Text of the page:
An exciting detector workshop was recently held at Fermilab to help plan an important upgrade to the Compact Muon Solenoid (CMS), one of the two large particle detectors located at the CERN Large Hadron Collider (LHC). After nearly a decade of operations and a planned upgrade in the collision rate at the LHC, both the LHC and the CMS detector will be upgraded to prepare itself for the future.
Fermilab has a long history of being the location of the highest-energy particle accelerator on the planet. That changed a few years ago, first when the LHC ran at even higher energies, and even more finally when the Tevatron shut down for the last time in 2011. However, that bittersweet day was not a surprise. It was always clear that there would be a time after the Tevatron.
Indeed, Fermilab has turned much of its attention to CMS and the LHC, the world’s highest-energy accelerator. Fermilab built magnets used in the LHC accelerator and made very important contributions to the component detectors in CMS. These detectors include those that tracked the particles’ passage through the apparatus after collisions, as well as others that measured the energy of the collision.
Indeed, over the years, the assemblage of Fermilab scientists and technical staff has grown to be the largest group working at CERN (besides CERN itself, of course). Fermilab scientists have played crucial roles in all aspects of the CMS experiment, including leading operations, computing, designing and building equipment, performing analyses, and — most recently — actually leading the experiment, with Fermilab’s Joel Butler being the experiment’s spokesperson from 2016–18, and now Patricia McBride being the deputy co-spokesperson, working with a newly elected leader after Butler stepped down.
After years of operation, the CMS experiment discovered the Higgs boson, leading to the Nobel Prize in 2013, and made many measurements, leading to over 800 scientific publications. Now it is time to make serious preparations for the future.
The LHC accelerator complex will be upgraded to increase the number of collisions tenfold. This exciting prospect, called era of the High-Luminosity LHC (HL-LHC), will come with a significant set of improvements in the apparatus. CMS will be an almost new detector based on cutting-edge technologies. Fermilab plays crucial roles in upgrading the detector hardware, specifically the equipment that handles the tracking, time of arrival of particles, calorimetry (energy-measuring) and triggering.
The recent workshop focused on the upgrade of the calorimetry. Part of the existing CMS calorimeter will be removed and replaced with a new one based on predominantly silicon detectors, with some plastic scintillator where the radiation environment permits. This new detector is called the HGCal, or high-granularity calorimeter. The HGCal will be the largest silicon detector ever built in the world, covering 600 square meters of area and comprising 6 million readout channels. Fermilab’s responsibility is to lead the assembly of the forward calorimetry. In particle physics lingo, “forward” means “near the beams.” If you imagine CMS looking like a soup can, with the beam running along the axis of the can, the Fermilab group will be responsible for assembling the flat ends of the can. This work is done in collaboration with other U.S. institutions.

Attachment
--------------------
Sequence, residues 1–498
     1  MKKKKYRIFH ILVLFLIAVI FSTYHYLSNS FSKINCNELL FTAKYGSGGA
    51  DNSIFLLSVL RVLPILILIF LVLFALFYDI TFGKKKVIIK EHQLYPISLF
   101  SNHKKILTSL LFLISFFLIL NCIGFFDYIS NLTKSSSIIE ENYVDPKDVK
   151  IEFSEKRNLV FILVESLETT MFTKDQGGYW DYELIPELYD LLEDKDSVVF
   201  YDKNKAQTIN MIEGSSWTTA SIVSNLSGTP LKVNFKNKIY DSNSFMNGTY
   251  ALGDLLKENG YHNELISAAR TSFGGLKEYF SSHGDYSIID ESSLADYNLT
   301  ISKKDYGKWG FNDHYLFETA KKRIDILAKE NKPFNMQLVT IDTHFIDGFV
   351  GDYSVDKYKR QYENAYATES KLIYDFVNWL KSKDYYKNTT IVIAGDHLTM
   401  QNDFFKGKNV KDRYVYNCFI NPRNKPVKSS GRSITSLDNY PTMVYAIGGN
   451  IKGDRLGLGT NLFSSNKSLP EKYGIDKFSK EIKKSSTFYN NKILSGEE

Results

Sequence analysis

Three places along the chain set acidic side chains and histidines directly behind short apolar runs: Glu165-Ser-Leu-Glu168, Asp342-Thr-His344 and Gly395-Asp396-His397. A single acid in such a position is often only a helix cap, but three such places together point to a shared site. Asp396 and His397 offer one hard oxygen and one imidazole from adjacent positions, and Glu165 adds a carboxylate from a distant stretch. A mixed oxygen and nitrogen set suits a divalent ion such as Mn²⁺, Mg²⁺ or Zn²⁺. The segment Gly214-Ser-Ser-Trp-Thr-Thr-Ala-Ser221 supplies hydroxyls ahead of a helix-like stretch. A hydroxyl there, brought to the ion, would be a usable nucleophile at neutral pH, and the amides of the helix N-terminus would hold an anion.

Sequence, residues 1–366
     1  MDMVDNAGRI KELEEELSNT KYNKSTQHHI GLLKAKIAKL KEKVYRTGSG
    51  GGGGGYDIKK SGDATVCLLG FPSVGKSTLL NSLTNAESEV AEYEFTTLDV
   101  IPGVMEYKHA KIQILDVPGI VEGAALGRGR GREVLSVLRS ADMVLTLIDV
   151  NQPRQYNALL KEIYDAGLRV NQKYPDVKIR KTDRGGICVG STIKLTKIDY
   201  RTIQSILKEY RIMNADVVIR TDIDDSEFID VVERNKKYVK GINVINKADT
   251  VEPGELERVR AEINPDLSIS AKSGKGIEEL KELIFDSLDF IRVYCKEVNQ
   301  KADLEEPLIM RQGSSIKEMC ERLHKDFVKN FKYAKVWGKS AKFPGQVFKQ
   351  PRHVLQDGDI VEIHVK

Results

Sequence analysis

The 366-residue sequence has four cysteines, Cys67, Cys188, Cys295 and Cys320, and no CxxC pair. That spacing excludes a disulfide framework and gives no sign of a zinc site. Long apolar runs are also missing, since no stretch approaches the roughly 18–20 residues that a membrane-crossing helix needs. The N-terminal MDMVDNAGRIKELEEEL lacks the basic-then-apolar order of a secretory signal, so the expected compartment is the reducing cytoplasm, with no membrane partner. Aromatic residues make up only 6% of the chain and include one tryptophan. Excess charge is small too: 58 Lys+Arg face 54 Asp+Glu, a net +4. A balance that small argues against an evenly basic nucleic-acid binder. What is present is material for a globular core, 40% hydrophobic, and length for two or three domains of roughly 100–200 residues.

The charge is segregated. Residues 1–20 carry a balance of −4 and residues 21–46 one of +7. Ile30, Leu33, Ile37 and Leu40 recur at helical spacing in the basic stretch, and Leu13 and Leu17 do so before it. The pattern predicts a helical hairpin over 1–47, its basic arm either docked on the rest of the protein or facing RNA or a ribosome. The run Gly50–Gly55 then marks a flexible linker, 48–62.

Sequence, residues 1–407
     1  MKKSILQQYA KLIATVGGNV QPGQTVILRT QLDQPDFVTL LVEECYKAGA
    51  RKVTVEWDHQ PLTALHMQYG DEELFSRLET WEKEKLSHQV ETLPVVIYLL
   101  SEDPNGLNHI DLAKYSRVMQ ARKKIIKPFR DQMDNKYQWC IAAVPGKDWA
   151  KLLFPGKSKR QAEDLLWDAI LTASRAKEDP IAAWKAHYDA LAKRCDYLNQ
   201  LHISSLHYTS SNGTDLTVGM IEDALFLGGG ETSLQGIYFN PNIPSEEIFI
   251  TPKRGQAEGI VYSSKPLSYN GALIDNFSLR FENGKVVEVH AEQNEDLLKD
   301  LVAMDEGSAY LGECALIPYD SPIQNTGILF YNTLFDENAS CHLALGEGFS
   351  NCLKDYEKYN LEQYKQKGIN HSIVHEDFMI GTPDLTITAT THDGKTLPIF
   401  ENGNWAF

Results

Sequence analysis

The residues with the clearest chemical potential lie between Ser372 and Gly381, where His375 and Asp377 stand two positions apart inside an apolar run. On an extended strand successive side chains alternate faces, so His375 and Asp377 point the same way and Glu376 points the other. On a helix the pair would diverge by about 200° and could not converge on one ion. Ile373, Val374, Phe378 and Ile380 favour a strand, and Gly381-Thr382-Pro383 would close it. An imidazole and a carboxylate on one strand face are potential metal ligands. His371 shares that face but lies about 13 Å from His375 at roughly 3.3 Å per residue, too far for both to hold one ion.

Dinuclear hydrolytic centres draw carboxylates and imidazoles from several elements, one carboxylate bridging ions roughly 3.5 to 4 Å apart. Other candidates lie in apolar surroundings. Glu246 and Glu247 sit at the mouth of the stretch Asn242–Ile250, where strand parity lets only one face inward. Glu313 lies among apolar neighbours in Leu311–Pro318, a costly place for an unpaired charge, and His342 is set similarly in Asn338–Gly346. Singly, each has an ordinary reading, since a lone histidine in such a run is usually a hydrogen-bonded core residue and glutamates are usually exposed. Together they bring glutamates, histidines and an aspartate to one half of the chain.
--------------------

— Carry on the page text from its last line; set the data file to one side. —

During the workshop, which brought HGCal project managers and world experts to Fermilab. All facets of the project were discussed, ranging from the technologies that will be employed to build the detector, to assembly techniques, to such seeming minutiae as the location of equipment, with a precision of fractions of a millimeter. The workshop also involved tours of a number of Fermilab research facilities: SiDet (where the silicon detectors will be assembled), the Test Beam Facility (which is home to what will be the only high-energy hadron test beam in the world for the next few years), and Lab 6 (where the scintillator portions of the detector are likely to be assembled).
Fermilab’s facilities and experience building particle detectors were on full display. And Fermilab will be the heart of the upgrade, with almost 400 “cassettes” like the one in the photo to be assembled starting in 2020 (half of the entire end-can).
The workshop was a great success. When discussions get to the point where the conversations focus on engineering details and exactly which sites will lead the detector assembly, then a project is well on its way. The next few years will involve improvements to the accelerator and detector. Installation of HGCal will begin in 2024, with upgraded operations likely in 2026.